Lowry Masterpiece Sells For Record £3.8

Good Friday, Daisy Nook by L S LowryGood Friday, Daisy Nook, a masterpiece by L.S. Lowry (1887-1976) sold today at Christie’s
in London for £3,772,000, the highest ever price for the artist at auction. The picture was last seen at
auction in 1970 when it sold for £16,800 and set a record price for the artist at the time. The auction of
20th Century British Art realised a total of £14,567,480, setting a record total for a sale in this category for
the sixth successive time.

Good Friday, Daisy Nook highlighted the finest and most comprehensive private collection of pictures by L.S. Lowry ever to appear at auction. Factories, Lancashire, another work from the same collection, sold for £1,128,800, the fourth highest price for the artist at auction. In total, five paintings from the Collection sold today for a total of £5,972,000, doubling pre-sale expectations.

Today’s auction concludes British Art Week, a week of auction sales, events and lectures dedicated to the history of British art and furniture. A selection of paintings, watercolours, furniture and sculpture
representing over 300 years of British art was sold over 4 sales held between 5 and 8 June. British Art
Week included works by many renowned artists, including Bomberg, Lowry, Rossetti and Turner, as well as a selection of important English furniture, and realised a total of £27,580,220.

Good Friday, Daisy Nook eventually sold for £3,772,000 to Richard Green, London after a 10 minute
bidding battle. This price represents the highest ever price for the artist at auction. Painted in 1946, the picture portrays the Lancashire town of Daisy Nook in festival mood. Traditionally, mill workers were
confined to only two statutory days of holiday every year; Good Friday and Christmas Day. Every year
on Good Friday, the town of Daisy Nook would stage a fair and provide entertainment to the local
crowds. Managed by the Silcock family, whose name appears in the background of the painting, the fair regularly attracted huge numbers of people and still takes place to this day. The present painting depicts
this annual fair in 1946, the year after the end of the hostilities of the Second World War. The Ashton
Reporter stated at the time that there were ‘Record crowds at Daisy Nook’, as people celebrated a return to
the fair and a return to normal life. The painting reflects post-war cheer and relief and depicts crowds of
energetic, colourful characters, many holding whirligigs and flags. The work sold today at Christie’s was
last seen at auction in 1970 when it sold for £16,800, a record price for the artist at the time.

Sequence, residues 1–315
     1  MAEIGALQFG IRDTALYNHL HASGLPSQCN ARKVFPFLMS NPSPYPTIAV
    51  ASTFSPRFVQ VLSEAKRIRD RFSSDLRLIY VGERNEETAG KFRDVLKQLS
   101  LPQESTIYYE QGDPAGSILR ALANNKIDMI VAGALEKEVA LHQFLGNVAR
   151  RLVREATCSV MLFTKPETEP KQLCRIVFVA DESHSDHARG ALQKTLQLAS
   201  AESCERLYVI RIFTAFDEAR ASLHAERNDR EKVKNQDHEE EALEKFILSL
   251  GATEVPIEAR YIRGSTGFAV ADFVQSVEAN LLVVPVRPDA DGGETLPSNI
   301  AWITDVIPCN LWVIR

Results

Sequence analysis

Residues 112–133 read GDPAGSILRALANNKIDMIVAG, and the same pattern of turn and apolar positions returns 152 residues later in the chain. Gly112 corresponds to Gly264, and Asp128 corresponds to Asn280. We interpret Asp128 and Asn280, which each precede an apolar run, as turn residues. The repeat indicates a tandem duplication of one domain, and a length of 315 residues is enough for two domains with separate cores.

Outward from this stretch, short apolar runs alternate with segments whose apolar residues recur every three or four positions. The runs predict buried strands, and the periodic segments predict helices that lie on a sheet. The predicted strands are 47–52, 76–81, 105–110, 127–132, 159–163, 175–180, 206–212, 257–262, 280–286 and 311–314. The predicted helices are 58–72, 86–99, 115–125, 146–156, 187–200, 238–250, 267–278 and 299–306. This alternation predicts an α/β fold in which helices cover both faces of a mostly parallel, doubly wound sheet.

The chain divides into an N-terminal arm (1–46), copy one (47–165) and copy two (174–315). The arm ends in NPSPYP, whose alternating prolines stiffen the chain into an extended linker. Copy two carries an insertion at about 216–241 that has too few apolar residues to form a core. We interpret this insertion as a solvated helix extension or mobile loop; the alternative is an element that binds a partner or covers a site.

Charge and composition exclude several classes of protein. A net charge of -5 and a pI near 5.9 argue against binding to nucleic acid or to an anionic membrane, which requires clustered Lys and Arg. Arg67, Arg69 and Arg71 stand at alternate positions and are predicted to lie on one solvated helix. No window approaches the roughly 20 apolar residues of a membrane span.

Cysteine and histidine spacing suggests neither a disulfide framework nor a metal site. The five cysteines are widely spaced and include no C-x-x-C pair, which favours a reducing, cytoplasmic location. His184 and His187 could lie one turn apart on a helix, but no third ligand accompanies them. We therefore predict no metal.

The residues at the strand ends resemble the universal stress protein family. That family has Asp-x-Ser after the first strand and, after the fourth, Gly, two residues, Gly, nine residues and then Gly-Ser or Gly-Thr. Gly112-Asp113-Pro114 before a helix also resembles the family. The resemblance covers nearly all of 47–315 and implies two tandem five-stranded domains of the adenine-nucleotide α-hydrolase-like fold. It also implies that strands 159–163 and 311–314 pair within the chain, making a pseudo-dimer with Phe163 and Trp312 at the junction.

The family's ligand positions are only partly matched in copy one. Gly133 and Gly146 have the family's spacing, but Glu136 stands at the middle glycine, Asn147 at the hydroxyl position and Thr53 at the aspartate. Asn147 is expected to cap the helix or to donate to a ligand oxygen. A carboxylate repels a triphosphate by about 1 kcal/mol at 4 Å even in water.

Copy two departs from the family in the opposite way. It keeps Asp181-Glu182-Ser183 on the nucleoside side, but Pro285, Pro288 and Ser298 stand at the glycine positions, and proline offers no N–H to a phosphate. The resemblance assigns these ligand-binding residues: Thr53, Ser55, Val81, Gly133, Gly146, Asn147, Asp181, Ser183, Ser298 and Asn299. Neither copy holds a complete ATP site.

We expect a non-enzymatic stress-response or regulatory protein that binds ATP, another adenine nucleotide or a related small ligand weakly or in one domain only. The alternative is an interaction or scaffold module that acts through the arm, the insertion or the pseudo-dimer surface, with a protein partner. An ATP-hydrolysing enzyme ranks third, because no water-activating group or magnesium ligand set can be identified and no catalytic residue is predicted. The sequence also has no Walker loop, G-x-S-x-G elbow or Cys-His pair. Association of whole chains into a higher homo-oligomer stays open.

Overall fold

Factories, Lancashire, dated 1947, is a more recognizable work by the artist. This industrial townscape,
complete with numerous mills and smoking chimneys, is portrayed from an elevated angle which looks
down on the crowds in an objectifying manner and shows the diminutive figures going about their
business. This exceptional example of a Northern industrial townscape sold today for £1,128,800, the
fourth highest price for the artist at auction. It was bought by Richard Green, London.

Beach and Promenade, dated 1948, realised £546,400 at today’s sale. Another example of Lowry
capturing the spirit of recreation, this time at the seaside, the viewpoint for the picture is elevated once
again. However, the figures of this work reach down to the foreground of the canvas, and it is possible
to make out the faces of the characters at the front of the crowd. Lowry spent many of his childhood
holidays by the sea, vi siting Lytham St. Anne’s at Easter and Rhyl, on the North-West coast, in the

The Mansion, Pendlebury, dated 1944, is set in Lowry’s home town and sold for £344,800 at today’s
auction. The Lowry family had moved to Pendlebury in 1909 when L.S. Lowry was 22 years old, and he
was to continue living there for almost 40 years. The current depiction of a mansion house reflects the
artist’s fascination with solitude as the lone mass of a building dominates the canvas. A crowd can be
seen to huddle around the front door of the residence, echoing Lowry’s words that ‘where there’s a quarrel
there’s always a crowd…. It’s a great draw.’

Whitehaven , dated 1954, offers an alternative depiction of a seaside view. The artist would often depict
human forms isolated in industrial landscapes. In the present painting, three people and a dog, standing
on the shore, are confined by a wall on one side and the sea to the other, with the looming presence of a
mill dominating the skyline. This picture sold at today’s auction for £180,000.

L.S. Lowry, R.A. (1887-1976) was a curious character, dedicated to his art but always restrained by the
Industrial movement that he portrayed. Lowry worked a ‘9 to 5’ job with Pall Mall Property Company in
Manchester until his retirement in 1952, and painted only in his spare time. Despite this restraint, he was
hugely successful even within his lifetime; the Manchester City Art Gallery purchased An Accident in
1930, he was signed up to the Lefevre Gallery in London in 1939, he was elected an R.A. in 1962 and by
1967, the General Post Office issued a stamp reproducing one of his paintings. Lowry had been
appointed official artist at the coronation of Queen Elizabeth II in 1953. He went on to turn down an
O.B.E., a C.B.E., a C.H. (twice) and a knighthood on the grounds that he saw little point in receiving
awards after the death of his mother.

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